States can raise several objections to complaints brought against them, including lack of standing, lack of nationality, lack of a genuine link, and failure to exhaust remedies.
Lack of Standing – A common objection states raise to being sued in international tribunals is lack of standing. If a plaintiff is not qualified to appear before the particular court, the case must be dismissed.
In most international tribunals, such as the ICJ, only a state can file a complaint. If a private person or company were to appear as a plaintiff, the case would be dismissed for want of standing. In these tribunals, the only way for the matter to be heard is for a state to sponsor the suit of its national.
Lack of Nationality – An objection related to lack of standing is lack of nationality. Although a state may bring a complaint in an international tribunal on behalf of one of its own nationals, it may not do so on behalf of any other person.
This rule is easily applied with respect to persons with a single nationality and to stateless persons (the first have a claim if they are sponsored by the state of their nationality; the second cannot be sponsored by any state).
Its application becomes more complex, however, with dual nationals. The traditional rule is that either state can complain to a third state; but between the two, neither can complain. A new rule evolved that allows the state of which the individual has the master nationality (i.e., the one with which he/she has the most links) to complain against the other.
Effect of an Injured Person’s Waiver on the Right of His National State to Bring Suit on His Behalf: The Calvo Clause requires an investor who seeks to establish a business operation in a foreign country to agree, in advance, that he, she, or it will not ask for its home state to intervene in any dispute with the host state.
According to the ICJ, “A claim belongs to a state and not to an individual; therefore, any attempt of waiver by the individual is ineffective.” As a practical matter, however, Calvo Clauses do have some impact.
Lack of a Genuine Link – A person whose suit is being sponsored by a state in an international tribunal must be a real and bona fide national of that state. That is, the person’s nationality must be genuine and not based on a token relationship. If it is based on a token or insignificant relationship, the opposing state can raise an objection of a lack of a genuine link to the sponsoring state.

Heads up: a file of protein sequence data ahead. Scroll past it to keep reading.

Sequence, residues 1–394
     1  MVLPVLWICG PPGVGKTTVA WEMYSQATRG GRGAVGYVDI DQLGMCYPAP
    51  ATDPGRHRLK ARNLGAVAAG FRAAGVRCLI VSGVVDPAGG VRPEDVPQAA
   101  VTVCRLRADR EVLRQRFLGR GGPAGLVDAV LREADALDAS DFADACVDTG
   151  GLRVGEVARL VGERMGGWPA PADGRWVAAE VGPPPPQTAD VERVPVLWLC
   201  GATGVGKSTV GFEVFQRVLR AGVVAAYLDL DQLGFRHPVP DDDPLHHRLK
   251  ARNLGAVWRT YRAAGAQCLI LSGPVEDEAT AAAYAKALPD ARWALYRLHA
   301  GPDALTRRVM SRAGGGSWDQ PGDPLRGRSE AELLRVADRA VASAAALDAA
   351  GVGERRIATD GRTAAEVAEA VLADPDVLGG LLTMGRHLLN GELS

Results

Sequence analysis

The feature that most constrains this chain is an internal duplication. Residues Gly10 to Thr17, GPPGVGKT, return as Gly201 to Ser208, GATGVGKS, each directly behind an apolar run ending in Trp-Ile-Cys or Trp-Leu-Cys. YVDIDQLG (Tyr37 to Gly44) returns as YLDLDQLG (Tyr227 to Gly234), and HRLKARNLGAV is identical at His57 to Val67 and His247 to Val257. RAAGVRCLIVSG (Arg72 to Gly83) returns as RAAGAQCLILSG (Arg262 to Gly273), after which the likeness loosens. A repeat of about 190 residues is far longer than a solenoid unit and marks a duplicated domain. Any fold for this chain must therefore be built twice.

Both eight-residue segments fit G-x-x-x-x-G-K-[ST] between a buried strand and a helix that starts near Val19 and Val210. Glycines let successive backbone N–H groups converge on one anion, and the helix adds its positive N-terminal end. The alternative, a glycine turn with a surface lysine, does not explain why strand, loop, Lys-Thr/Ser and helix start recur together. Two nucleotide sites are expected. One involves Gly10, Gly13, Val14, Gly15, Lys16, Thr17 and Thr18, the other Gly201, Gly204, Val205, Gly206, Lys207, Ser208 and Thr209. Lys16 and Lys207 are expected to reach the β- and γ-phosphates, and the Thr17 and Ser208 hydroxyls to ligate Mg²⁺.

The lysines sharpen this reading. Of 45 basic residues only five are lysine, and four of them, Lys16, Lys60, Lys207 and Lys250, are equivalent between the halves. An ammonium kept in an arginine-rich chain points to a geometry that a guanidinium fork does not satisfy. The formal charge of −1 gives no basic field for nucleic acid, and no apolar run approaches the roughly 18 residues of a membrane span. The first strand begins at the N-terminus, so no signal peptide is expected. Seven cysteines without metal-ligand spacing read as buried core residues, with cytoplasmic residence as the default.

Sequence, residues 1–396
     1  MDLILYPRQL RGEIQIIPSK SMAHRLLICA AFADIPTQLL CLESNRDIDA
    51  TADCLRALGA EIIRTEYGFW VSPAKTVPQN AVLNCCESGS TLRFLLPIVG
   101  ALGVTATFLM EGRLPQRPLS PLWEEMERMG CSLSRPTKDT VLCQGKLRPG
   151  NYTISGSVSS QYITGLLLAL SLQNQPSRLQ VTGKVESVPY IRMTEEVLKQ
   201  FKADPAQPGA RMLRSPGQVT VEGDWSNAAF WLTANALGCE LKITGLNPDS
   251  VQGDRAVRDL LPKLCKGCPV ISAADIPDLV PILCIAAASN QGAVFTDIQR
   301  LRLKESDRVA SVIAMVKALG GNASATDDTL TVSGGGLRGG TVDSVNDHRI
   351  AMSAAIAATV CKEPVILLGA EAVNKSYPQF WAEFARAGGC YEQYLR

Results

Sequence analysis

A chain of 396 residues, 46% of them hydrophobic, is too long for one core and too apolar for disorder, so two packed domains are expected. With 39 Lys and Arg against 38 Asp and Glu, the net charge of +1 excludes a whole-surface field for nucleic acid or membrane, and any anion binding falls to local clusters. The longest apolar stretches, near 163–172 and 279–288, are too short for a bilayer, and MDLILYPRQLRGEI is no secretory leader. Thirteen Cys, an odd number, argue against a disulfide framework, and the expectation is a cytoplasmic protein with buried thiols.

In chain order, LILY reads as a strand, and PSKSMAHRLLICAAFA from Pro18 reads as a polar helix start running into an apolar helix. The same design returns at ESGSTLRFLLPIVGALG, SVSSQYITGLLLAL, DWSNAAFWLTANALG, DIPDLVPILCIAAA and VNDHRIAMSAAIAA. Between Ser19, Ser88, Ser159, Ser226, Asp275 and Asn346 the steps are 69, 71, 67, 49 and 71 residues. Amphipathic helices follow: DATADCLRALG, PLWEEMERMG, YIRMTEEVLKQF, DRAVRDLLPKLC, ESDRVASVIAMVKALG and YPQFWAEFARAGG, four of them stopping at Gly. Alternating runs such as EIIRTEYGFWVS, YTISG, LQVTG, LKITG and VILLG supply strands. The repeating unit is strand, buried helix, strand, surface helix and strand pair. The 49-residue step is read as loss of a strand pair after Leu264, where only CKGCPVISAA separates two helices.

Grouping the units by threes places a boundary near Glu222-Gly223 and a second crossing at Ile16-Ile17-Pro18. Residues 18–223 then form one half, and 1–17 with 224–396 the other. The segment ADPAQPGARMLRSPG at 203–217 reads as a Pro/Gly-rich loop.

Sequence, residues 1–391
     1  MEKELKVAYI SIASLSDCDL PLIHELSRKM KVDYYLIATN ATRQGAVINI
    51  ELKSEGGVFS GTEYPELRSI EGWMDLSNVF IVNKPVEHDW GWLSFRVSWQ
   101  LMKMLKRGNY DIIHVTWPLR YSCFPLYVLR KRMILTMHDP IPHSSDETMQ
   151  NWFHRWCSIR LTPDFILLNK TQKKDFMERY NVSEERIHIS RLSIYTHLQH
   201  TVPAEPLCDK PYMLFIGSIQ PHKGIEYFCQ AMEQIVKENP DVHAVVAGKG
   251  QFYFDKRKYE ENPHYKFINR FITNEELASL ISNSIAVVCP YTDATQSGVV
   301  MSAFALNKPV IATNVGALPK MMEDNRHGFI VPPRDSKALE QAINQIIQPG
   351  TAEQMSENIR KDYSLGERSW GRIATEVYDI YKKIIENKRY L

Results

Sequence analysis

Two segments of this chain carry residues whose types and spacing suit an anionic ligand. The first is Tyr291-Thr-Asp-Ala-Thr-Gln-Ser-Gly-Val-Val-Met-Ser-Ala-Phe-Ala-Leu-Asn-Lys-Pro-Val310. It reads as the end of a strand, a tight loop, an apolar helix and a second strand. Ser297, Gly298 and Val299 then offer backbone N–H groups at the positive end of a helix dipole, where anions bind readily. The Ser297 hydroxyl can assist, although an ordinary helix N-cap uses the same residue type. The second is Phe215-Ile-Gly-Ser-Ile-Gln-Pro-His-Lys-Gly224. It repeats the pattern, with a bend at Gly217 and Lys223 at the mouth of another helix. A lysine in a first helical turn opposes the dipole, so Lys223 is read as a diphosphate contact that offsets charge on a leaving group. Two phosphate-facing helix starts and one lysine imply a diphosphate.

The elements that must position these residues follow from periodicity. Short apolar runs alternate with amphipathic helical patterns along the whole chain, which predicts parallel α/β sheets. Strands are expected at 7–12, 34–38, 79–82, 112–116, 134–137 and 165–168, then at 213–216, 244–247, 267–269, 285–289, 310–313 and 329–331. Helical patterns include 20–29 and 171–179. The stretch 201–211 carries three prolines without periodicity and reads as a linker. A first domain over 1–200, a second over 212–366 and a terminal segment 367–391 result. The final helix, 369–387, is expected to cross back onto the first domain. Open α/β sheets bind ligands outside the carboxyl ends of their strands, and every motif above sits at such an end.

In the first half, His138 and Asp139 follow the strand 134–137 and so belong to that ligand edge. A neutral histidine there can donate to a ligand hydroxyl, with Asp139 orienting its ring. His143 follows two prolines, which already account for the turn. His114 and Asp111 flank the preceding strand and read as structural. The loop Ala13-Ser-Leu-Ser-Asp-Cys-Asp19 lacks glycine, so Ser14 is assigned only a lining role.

For companies, the ability of a state to sponsor a complaint depends on the particular company’s nationality. States have a wide variety of national rules that define the nationality of a company. Regardless of these tests, international tribunals now require that a company have a genuine link with its sponsoring state.
Failure to Exhaust Remedies – Before an individual or business firm can seek the help of its home state in supporting a complaint of mistreatment by a foreign state, the individual or firm must exhaust all of the local remedies available to it within the foreign state. Failure to exhaust remedies is thus an objection that the foreign state may raise in an international tribunal. As is the case in municipal law, the requirement that complainants must exhaust their local remedies serves to resolve problems at the lowest level and with the least use of a sovereign’s time.
There are exceptions to the rule. If an adequate remedy is clearly unavailable, if the requirement to exhaust a person’s remedies is waived by treaty, if the injury was done directly to a state (rather than to a private person), or if the defendant state has delayed excessively in granting a remedy, the requirement is excused.
Case 2-5: The M/V Saiga Case (Merits) (Saint Vincent and the Grenadines v. Guinea) International Tribunal for the Law of the Sea, 1999. Facts: The M/V Saiga sold “gas oil” to fishing vessels in Guinea’s exclusive economic zone (EEZ). The Guinean Navy arrested it and its master and crew the next day outside the EEZ. The master was charged with importing taxable goods without declaring them and it brought criminal charges. The trial court found him guilty, and the Court of Appeal affirmed. He was fined and the ship’s cargo was seized. The Saiga’s master and crew were Ukrainian, the owner was in Cyprus, the manager in Scotland, and the ship itself was provisionally registered in Saint Vincent and the Grenadines (SVG). SVG sued Guinea before the ITLOS demanding that Guinea release the ship, the master, and the crew. Guinea agreed to submit to the proceedings, but asked that they be dismissed because there was no genuine link between the ship and SVG, the master had not exhausted all local remedies, and the persons affected were not nationals of SVG. Issues: (1) Is there a genuine link between the Saiga and SVG? (2) Had the master exhausted his remedies? (3) Must the master and crew of a ship be nationals of the flag state? Holdings: (1) Yes. (2) Yes. (3) No. Law: (1) The UNCLOS requirement that there must be a genuine link between the ship and its flag state does not allow other states to challenge the validity of the flag state’s registration. (2) A state does not have to exhaust remedies to bring a suit when its own interests are harmed. (3) A flag state has jurisdiction over all persons (whether its own or foreign nationals) aboard its flagged ships. Explanation: (1) Guinea produced no evidence to show that a genuine link was lacking. (2) The detention of the ship, the master, and the crew was a breach of SVG’s rights. It could complain of this independent of any proceeding brought by or against master. (3) UNCLOS looks at a ship as a unit. The master and crew are part of that unit and SVG is entitled to act on their behalf. Order: SVG is entitled to reparations for the injuries it has suffered.